I currently have a User table,
tblUser and a User Types table,
The two are linked by means of a foreign key link in
Hence at the moment a user can be of only one type.
BUT, there are circumstances where the user can be of multiple types... say for example, a
Customer as well as a
The obvious solution to me is to create a new table in between
tblUser_UserTypes which is a bridging table:
[tblUser] ---< [tblUser_UserTypes] >--- [tblUserTypes]
BUT, I can see complexities arising from this... for example when exporting a list of users joined onto their user types, with a straight forward join I'm going to end up with multiple rows of those users. It could be possible to bring each user record back to a single row using a PIVOT query perhaps? (more below on this)
Importing Users into the system also seems problematic... I am currently using a
BCP (Bulk Copy Process) from a file to import users directly into the user table... the import file contains a single field "user type" which works in the existing model because each user can currently only be of one type. BUT, with multiple user types I can't see how a direct BCP directly into the user table could work.
Adding to the complexity is that user types are not currently fixed... the table tblUserTypes is dynamic ... part of the system is to allow creation of any number of user types. However, there are some types of users that I need to know about to be able to define business logic at a higher level.... e.g. "Only allow users of type=x in this area"... so it has been suggested that in the user types table there is a series of flags that define what type of type the user types are (e.g.
This is feeling like an over complicated mess and I'm loosing sleep over how to move forward.
I would love to bring the user types back into the table
tblUser and do away with the other two tables entirely... a series of checkboxes in the user table (e.g.
IsSupplier)... because that makes importing and exporting straight forward. BUT then the user types wouldn't be dynamic. Interestingly though the user types are not COMPLETELY dynamic... because as mentioned above there are some user types I need to know about when it comes to business login.
Hmmm, should it be a hybrid of the two? Am I trying to squash two features into one? Perhaps I could have checkbox / boolean types in the user table for the types that correlate to business logic (e.g.
IsSupplier) and rename the context of the
"User Types" to be
"User Groups" or something like that.
A major concern for me is impact on importing, exporting and search results when considering a structure where a straight forward join is going to result in users being replicated... one row for each user type they belong to. I would have to do a PIVOT query to bring this back to one record per user, with a column for each user type, wouldn't I? A realistic example is a User table with 3 million records and importing 10,000 records at a time... or exporting 10,000 records at a time... or searching across those 3 million records to retrieve 3,000 matches and having that rendered on a web page in a paginated fashion where they can flick through the search result pages (I use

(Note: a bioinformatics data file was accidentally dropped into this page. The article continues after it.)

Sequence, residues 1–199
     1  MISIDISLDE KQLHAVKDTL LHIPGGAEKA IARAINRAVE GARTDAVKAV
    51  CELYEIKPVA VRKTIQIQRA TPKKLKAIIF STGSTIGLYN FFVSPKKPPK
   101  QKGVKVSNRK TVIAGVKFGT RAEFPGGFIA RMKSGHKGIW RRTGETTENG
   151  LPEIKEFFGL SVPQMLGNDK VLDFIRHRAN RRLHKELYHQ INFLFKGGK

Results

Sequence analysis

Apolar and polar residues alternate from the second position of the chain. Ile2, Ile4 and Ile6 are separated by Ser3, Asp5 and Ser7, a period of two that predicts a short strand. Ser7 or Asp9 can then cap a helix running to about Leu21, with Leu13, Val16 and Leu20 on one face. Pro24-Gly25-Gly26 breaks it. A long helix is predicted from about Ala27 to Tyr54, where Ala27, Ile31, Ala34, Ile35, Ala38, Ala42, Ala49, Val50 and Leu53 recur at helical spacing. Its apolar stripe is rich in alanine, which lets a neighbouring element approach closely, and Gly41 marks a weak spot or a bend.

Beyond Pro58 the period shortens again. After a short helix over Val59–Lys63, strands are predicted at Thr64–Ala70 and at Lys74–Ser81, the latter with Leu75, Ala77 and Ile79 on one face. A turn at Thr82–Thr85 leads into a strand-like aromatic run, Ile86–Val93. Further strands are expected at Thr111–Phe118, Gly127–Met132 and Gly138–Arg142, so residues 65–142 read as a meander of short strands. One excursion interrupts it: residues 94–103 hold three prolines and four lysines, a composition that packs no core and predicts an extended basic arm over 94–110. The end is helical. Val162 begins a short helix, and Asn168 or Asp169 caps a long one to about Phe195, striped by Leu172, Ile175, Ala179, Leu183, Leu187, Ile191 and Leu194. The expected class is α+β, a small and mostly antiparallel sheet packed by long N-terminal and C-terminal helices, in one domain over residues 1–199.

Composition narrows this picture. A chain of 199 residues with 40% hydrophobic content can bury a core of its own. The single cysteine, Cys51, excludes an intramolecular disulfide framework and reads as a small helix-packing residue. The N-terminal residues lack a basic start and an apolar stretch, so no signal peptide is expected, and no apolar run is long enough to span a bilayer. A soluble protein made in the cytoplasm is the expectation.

ROWNUM in my search query to work with pagination, I don't return the whole lot every time).
This is my first question on Stack Overflow, I'm sorry if it's a bit convoluted or there are already answers listed... I tried to search but couldn't come up with examples handling the complexities of working with Users that can be of multiple Types.
Oh, in case it matters... this is a C# ASP.NET application working with SQL Server.
After thinking it through and reading responses I'm going to go all the way and use the bridging table... the requirements say that users can be of multiple types so that's how it will be. Consequences on existing code are dramatic, but better now than down the track.
I played around with the table structure and the queries required to get data out in a flat structure are a bit fiddly and ultimately require dynamic SQL (because the list of user types is dynamic) a which I'm not a fan of but I can't see another way to do it.
In the examples below companies fetched are filtered by an 'Event ID' i.e. fkEventID
If there is a better way to do the 'flattening' I would be very appreciative of any help :-)
Straight forward join (multiple rows per company if they are of more than one type)
select * from tblCompany left join tblCompany_CompanyType on fkCompanyID = pkCompanyID left join tblCompanyType on fkCompanyTypeID = pkCompanyTypeID where tblCompany.fkEventID = 1
Hard Coded pivot query (single rows per company if they are of more than one type, but the company types are not dynamic)
select * from ( select tblCompany.*,tblCompanyType.CompanyType from tblCompany left join tblCompany_CompanyType on fkCompanyID = pkCompanyID left join tblCompanyType on fkCompanyTypeID = pkCompanyTypeID where tblCompany.fkEventID = 1 ) AS sourcequery Pivot (count(CompanyType) for CompanyType IN ([Customer],[Supplier],[Something Else])) as CompanyTypeName
Dynamic Pivot Query (multiple rows per company and handles dynamic company types)
DECLARE @cols AS NVARCHAR(MAX) DECLARE @sql AS NVARCHAR(MAX) SET @cols = STUFF( (SELECT N',' + QUOTENAME(CompanyType) AS [text()] FROM ( select CompanyType from tblCompanyType where fkEventID = 1 ) AS Y FOR XML PATH('')), 1, 1, N''); SET @sql = N'SELECT * FROM ( select tblCompany.*,tblCompanyType.CompanyType from tblCompany left join tblCompany_CompanyType on fkCompanyID = pkCompanyID left join tblCompanyType on fkCompanyTypeID = pkCompanyTypeID where tblCompany.fkEventID = 1 ) AS sourcequery Pivot (count(CompanyType) for CompanyType IN (' + @cols + ')) as CompanyTypeName order by pkCompanyID' EXEC sp_executesql @sql;